Wednesday, January 20, 2010


This morning, my co-worker Jason Swartz had the great idea of a conference focussing on JVM languages. This seemed like a particularly good idea, given the uncertainty surrounding JavaOne. Personally, I think the JavaOne powers-that-be have done a good job showcasing other languages, especially the last two years. Anyways, I joked that we could probably host it at our north campus, since it has proper facilities and regularly hosts medium sized conferences,  and that we just needed the support of folks from the Groovy, JRuby, Scala, and Clojure communities. A lot of folks seemed to like the idea, and had some great feedback/questions. So let me phrase some of these questions in the context of "a JavaOne-ish replacement, focussing on alternative languages on the JVM, but ultimately driven by the community". Ok here are some of the questions.

1.) What about Java?
2.) What about languages other than Groovy, JRuby, Scala, and Clojure?
3.) What about first class technologies with their roots in Java, like Hadoop, Cassandra, etc.?

Certainly I have opinions on some of these, but obviously any kind of effort like this requires huge participation from the developer community. So what do you think? What other questions need to be asked? If there is enough interest, I will definitely try to organize it. So please leave comments below!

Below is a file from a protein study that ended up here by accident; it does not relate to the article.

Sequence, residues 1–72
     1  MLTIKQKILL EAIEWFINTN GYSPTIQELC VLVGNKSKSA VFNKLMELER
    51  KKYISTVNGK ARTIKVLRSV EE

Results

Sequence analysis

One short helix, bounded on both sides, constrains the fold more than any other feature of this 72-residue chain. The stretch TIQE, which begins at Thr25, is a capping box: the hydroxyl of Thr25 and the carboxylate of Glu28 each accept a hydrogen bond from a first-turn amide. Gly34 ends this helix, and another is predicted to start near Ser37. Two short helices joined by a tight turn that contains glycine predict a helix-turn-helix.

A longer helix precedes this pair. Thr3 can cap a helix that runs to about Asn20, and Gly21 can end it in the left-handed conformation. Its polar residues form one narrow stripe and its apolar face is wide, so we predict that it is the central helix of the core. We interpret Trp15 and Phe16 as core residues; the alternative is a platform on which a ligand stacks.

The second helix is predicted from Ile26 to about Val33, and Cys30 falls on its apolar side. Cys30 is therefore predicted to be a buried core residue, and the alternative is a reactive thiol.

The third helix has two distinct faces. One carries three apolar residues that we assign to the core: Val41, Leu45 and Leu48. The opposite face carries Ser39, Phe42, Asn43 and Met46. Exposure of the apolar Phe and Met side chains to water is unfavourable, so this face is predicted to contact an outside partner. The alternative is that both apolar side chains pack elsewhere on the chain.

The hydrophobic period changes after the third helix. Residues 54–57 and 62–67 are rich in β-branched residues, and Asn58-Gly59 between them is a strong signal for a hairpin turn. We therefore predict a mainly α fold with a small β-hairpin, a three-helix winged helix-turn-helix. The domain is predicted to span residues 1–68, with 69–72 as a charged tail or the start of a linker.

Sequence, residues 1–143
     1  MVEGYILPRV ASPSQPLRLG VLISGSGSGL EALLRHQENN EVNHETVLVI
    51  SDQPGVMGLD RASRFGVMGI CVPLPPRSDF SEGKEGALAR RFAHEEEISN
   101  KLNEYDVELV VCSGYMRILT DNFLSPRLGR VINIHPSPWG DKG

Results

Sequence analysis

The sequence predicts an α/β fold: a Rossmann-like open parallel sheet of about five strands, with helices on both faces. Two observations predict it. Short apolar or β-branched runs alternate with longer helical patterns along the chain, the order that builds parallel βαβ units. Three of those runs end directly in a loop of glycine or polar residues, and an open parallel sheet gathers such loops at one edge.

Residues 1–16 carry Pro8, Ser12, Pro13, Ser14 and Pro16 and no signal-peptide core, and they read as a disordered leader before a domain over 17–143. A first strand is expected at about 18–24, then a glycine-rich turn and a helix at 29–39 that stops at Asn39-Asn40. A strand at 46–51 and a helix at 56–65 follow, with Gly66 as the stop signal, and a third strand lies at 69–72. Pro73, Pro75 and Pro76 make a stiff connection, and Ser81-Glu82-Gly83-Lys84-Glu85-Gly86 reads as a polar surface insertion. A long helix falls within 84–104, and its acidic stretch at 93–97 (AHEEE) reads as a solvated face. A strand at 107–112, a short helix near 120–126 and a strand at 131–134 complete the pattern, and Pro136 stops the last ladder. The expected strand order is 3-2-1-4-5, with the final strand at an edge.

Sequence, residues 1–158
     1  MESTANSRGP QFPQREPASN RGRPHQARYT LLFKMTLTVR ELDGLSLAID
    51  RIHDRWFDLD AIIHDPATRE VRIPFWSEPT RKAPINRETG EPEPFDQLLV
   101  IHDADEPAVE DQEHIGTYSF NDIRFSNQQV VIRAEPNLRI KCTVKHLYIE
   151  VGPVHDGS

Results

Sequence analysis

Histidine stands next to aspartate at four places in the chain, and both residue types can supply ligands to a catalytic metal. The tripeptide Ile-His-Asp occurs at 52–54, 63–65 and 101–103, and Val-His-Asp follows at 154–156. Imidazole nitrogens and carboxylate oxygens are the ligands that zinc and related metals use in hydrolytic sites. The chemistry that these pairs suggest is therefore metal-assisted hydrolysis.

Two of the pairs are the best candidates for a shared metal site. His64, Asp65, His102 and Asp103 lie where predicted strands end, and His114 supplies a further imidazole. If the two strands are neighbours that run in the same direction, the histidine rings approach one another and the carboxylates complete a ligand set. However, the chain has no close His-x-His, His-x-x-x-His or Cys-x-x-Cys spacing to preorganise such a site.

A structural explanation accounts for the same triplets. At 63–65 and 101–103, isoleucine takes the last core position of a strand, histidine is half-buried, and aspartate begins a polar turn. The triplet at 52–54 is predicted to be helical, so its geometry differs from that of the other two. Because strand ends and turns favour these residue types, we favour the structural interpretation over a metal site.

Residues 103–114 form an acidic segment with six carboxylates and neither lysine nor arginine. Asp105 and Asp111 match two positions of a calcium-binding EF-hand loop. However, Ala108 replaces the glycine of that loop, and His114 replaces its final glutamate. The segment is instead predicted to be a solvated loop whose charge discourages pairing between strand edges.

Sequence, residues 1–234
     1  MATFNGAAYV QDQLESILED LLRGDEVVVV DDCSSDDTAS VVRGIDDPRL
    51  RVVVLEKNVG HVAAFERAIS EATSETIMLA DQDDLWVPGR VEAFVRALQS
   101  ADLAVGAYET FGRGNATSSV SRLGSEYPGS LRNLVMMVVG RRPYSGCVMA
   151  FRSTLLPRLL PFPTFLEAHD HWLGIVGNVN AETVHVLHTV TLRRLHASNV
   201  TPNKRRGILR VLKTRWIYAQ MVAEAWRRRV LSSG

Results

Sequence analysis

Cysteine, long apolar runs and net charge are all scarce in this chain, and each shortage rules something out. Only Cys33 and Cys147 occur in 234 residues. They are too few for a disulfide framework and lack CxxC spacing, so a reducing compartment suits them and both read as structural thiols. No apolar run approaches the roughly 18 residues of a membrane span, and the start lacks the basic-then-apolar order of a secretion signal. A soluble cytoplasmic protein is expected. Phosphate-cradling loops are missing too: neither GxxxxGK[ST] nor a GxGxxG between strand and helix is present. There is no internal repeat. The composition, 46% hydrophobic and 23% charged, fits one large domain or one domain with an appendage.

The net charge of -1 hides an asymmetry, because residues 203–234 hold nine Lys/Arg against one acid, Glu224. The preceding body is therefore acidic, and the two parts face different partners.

Lars Vogel said...

Does Sun not have a similar event? I believe it was called the "Java language summit" or something similar.

But sure such a event would be very interesting; if it is in the Bay Area I definitely would try to join.

Unknown said...

@Lars I guess you meant the JVM Language Summit (

Such an event in Europe would be nice ;)

Unknown said...

Sun's event is targeted to "language designers, compiler writers, tool builders, runtime engineers, and VM architects". There should be a developer-level conference for users of these languages. I guess the closest thing is the NoFluffJustStuff conference, but they don't have the bay area in their schedule (and cover far more than JVM languages).

Unknown said...

I think it's a great idea.

As to the question of including some Java topics in the conference, why not? Java is a JVM language after all :). There's no reason to exclude it, even if the other JVM languages are emphasized/prioritized.

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